Commissioner Lesa Mayer presented the request on behalf of Beacon Hill on Monday night. She noted that equity and racial justice are the most significant and challenging of the city’s strategic plan’s six categories of action.

All the commissioners acknowledged that difficult conversations are on the horizon, but important work remains.

“We live in a social climate that encourages the adoptions of words and language related to equity and racial justice, but that falls short of implementation and true meaningful action,” Mayer said. “As a city, Decatur must continue to honor its values and take actions on matters of true justice and belonging to truly be a welcoming city that prioritizes equity and engagement.”

She added that the city has an opportunity to lead by example and act with bravery.

“When we talk about reparations, we’re talking specifically about repairing the harm that was done in Decatur to Black residents of Decatur by the city of Decatur,” Mayer said. “Research and review of practices and acts by the city of Decatur that caused direct harm to its Black residents over its 200-year history must first occur to start this process.

“We know from the stories we’ve heard by people who have been impacted, residents of the Beacon Hill community, specifically, of their forced resilience because they were required to live the best quality of life possible in the throes of destructive ordinances, segregation and what we believe to be city-sanctioned oppression that generations since of these former residents continue to be disadvantaged by today.”

She added that the city is not prepared and does not have the expertise to lead the work on reparations, nor is it appropriate for the city to lead the effort.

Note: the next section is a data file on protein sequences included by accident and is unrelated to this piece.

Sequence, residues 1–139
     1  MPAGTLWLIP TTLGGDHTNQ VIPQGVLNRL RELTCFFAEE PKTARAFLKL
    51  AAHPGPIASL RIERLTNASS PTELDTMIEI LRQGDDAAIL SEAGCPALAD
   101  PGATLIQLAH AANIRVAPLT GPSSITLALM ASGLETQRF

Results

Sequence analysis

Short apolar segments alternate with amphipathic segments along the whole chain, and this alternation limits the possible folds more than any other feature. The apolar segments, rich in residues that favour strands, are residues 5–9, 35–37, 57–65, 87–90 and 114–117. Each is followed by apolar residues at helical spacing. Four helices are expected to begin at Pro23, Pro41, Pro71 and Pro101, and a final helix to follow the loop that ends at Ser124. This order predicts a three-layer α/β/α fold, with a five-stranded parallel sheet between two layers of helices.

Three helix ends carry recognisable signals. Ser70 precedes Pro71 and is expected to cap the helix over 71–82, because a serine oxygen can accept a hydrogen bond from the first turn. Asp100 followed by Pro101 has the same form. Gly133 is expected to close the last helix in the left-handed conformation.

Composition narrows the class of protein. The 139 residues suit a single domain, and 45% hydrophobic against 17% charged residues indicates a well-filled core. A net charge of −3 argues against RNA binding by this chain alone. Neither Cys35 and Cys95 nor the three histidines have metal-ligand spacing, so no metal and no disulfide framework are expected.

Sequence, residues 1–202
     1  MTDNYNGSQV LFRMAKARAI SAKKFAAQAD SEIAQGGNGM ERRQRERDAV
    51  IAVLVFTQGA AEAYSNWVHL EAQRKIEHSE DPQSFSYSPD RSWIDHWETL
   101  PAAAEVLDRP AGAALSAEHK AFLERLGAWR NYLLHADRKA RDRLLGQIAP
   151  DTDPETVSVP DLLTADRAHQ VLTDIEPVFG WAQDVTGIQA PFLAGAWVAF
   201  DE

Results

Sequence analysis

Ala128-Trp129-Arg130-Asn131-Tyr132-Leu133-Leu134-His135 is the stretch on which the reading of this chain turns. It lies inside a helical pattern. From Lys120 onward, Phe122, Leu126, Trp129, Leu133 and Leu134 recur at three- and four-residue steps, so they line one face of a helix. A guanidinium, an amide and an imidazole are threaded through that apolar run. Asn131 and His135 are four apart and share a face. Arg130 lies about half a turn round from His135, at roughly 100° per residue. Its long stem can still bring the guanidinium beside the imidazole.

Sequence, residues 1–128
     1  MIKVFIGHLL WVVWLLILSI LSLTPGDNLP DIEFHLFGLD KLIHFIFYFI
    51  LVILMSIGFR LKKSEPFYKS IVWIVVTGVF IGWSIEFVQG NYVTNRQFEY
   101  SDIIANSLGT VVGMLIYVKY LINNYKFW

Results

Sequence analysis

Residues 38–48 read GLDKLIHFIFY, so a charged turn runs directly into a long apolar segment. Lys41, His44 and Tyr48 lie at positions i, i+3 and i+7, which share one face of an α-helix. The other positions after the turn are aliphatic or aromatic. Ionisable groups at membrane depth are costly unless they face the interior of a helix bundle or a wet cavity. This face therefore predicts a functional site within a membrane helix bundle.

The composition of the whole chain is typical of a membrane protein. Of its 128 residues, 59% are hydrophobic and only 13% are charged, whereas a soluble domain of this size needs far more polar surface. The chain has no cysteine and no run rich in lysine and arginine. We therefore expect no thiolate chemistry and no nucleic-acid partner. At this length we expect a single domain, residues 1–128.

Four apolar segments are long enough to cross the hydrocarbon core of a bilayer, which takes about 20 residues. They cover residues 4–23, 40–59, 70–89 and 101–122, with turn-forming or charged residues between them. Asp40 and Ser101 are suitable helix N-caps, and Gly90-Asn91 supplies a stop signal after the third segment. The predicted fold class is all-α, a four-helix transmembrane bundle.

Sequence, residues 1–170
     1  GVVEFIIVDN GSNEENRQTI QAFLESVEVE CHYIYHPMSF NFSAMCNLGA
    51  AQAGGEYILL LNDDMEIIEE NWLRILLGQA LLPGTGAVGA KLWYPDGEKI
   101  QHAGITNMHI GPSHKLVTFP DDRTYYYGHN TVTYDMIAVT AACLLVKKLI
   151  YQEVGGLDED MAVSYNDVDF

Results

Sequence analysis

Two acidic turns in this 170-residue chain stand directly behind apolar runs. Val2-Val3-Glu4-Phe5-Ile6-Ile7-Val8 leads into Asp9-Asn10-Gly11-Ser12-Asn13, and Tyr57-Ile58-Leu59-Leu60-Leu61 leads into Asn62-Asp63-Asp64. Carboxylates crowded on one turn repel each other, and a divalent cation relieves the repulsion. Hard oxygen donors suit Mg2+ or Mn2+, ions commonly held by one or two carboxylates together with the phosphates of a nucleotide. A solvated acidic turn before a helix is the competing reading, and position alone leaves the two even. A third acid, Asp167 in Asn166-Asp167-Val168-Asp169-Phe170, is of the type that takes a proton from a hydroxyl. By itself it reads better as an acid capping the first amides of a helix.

With the $25,000, Beacon Hill will partner and engage with others who have spent years studying, advocating, and educating about reparations, Mayer said. The group will develop recommendations on how the city can move forward in establishing the reparations task force

“You know it’s important work when the community gets behind it and this is what our community has said is something that’s important,” Mayor Pro Tem Tony Powers said. “This work will be difficult.”

Mawuli Davis, the co-founder of Beacon Hill, said the members of Beacon Hill’s reparations committee are standing on the shoulders of their ancestors and the communities, families, and churches of the Beacon Hill community that were displaced.

“It’s those ancestors who we want to acknowledge with our work, and we believe this is a sacred work and an important work and one that we are very honored to be able to take up,” Davis said.

Powers also recalled a moment in early 2020 when he was standing on the steps of Decatur City Hall. A movement was afoot, he said.

“It started to happen because people were tired. They were tired of being oppressed. They were tired of being attacked. They were just tired, and those people look like me and Commissioner Mayer. We were elected to represent our city and how best to represent than to represent our people as well,” Powers said.

Here are Powers’ full remarks from Monday night: